Power Grid

30 May 2022

Consumer Privacy Concerns Limit Smart Meter Data Access in GB – Report

30 May 2022  by   
Privacy-preserving techniques could be incorporated to minimise or eliminate potential smart meter data privacy infringements, Imperial College researchers suggest.

In a new briefing paper from the Imperial College Energy Futures Lab, the researchers point to the ‘enabling’ role of smart meter data in the energy transition but state that access to this data faces a challenge due to consumer privacy concerns.

Currently, once a smart meter is installed, customers can choose whether they wish to share their consumption data at a monthly, daily or half-hourly frequency, whether their supplier may use the data for marketing purposes and whether the data can be passed on to third parties.

However, several recent developments could fundamentally change how and by whom smart meter and associated consumption data can be accessed. Smart appliances and demand response are expected to play a significant role, which will generate complementary data streams with additional, more granular data on energy consumption.

In addition, there are calls for widening access to smart meter data for uses beyond the day-to-day operation of the electricity network as part of a move to digitalise the energy sector. A key component of this is to develop open data platforms which will provide access to public interest actors to inform and shape policy.

Privacy-preserving techniques

The researchers suggest various privacy-preserving techniques of which one is data obfuscation such as pseudonymisation and aggregation, which alter data to remove information that may be considered sensitive.

Another is differential privacy, which introduces noise into datasets to provide mathematical guarantees of anonymity, while a third is homomorphic encryption, which allows mathematical operations on the encrypted data.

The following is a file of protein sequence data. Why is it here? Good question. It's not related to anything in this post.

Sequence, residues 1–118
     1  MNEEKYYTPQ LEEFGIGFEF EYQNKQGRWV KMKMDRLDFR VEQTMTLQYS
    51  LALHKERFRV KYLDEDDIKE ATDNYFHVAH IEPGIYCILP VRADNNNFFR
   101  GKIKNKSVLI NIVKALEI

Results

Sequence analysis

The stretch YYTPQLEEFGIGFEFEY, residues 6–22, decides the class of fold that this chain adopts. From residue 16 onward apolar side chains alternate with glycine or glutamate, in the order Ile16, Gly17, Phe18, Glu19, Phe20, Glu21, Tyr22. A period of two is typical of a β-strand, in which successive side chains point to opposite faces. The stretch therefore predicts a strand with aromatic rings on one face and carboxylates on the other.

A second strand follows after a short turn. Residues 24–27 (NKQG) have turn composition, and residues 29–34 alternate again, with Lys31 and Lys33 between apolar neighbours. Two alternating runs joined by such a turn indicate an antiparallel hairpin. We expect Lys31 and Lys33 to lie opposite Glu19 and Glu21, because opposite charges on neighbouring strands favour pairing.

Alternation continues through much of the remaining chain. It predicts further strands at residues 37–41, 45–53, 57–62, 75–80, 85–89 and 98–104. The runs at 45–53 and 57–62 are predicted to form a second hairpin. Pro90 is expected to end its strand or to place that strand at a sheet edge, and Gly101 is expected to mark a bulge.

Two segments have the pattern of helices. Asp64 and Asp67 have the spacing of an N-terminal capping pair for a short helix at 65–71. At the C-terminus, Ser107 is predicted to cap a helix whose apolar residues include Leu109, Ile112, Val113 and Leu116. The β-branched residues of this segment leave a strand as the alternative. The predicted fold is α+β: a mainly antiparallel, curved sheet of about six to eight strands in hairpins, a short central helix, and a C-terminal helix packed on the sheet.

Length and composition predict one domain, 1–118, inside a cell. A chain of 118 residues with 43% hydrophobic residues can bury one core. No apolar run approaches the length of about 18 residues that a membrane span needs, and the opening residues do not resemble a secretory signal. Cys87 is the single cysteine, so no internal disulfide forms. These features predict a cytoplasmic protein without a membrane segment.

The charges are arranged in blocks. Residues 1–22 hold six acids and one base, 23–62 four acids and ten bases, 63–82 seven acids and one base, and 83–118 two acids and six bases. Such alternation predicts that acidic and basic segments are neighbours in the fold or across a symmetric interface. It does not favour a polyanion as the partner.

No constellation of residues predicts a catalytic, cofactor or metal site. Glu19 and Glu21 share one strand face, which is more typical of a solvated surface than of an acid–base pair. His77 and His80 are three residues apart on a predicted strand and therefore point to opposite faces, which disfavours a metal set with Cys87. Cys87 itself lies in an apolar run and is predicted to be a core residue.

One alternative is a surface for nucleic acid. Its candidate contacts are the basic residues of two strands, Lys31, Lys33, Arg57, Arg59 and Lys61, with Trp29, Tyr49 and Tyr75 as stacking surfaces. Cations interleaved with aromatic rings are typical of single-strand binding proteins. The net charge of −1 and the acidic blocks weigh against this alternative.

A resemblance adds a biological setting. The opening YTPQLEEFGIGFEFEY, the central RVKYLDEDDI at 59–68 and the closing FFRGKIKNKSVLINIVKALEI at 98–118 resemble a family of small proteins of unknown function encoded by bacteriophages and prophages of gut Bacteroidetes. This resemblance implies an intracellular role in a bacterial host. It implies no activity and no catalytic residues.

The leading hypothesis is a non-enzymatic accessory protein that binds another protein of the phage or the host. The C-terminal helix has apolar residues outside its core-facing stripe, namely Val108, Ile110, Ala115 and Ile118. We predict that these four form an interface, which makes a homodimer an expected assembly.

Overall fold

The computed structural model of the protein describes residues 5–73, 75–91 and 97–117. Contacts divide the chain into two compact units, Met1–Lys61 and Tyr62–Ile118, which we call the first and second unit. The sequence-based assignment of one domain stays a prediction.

Others are user demand shaping, which functions behind the meter by altering actual consumption patterns, and distributed learning techniques such as federated and peer-to-peer learning, which ensure the raw consumption data is kept locally, e.g. in the smart meter.

Warning that without significant changes to how data is stored, processed and used, the adoption and resulting benefits of smart meters may not be realised, the researchers recommend the introduction of one or a combination of such privacy-preserving techniques.

In particular, differential privacy is suggested as a prime candidate, given that it can be implemented either centrally or in a distributed manner and provides provable, tuneable and future proof guarantees of privacy protection. Moreover, it has been implemented in other sectors, e.g. in the publication of the 2020 US census.

“Privacy-preserving techniques provide a framework within which the privacy-utility trade-off can be explored and quantified They give consumers greater control over their data and force those wishing to access their smart meter data to incentivise them,” write the researchers in the paper.

“Going beyond permission control, the use of privacy-preserving mechanisms can ensure data is not easily re-identifiable. Even in the case of a data breach, any inferences cannot be linked back to individual consumers. Importantly, this is done while preserving the utility of the data so that the benefits can be realised.”


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